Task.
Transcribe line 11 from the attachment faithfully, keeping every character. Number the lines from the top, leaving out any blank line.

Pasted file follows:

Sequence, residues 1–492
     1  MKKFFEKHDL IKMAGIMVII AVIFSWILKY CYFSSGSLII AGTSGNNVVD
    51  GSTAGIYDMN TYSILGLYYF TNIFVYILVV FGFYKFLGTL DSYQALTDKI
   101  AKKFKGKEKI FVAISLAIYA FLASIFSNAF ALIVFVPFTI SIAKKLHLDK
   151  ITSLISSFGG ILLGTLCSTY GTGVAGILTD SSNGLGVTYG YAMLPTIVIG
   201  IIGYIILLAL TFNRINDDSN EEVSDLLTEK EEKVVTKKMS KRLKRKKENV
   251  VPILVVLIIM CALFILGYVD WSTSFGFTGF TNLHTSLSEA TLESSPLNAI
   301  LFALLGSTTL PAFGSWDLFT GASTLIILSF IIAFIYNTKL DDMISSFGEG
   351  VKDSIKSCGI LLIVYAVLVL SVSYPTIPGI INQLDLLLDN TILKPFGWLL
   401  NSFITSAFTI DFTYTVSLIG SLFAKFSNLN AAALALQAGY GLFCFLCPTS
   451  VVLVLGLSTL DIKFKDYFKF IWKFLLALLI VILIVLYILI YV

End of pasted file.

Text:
   451  VVLVLGLSTL DIKFKDYFKF IWKFLLALLI VILIVLYILI YV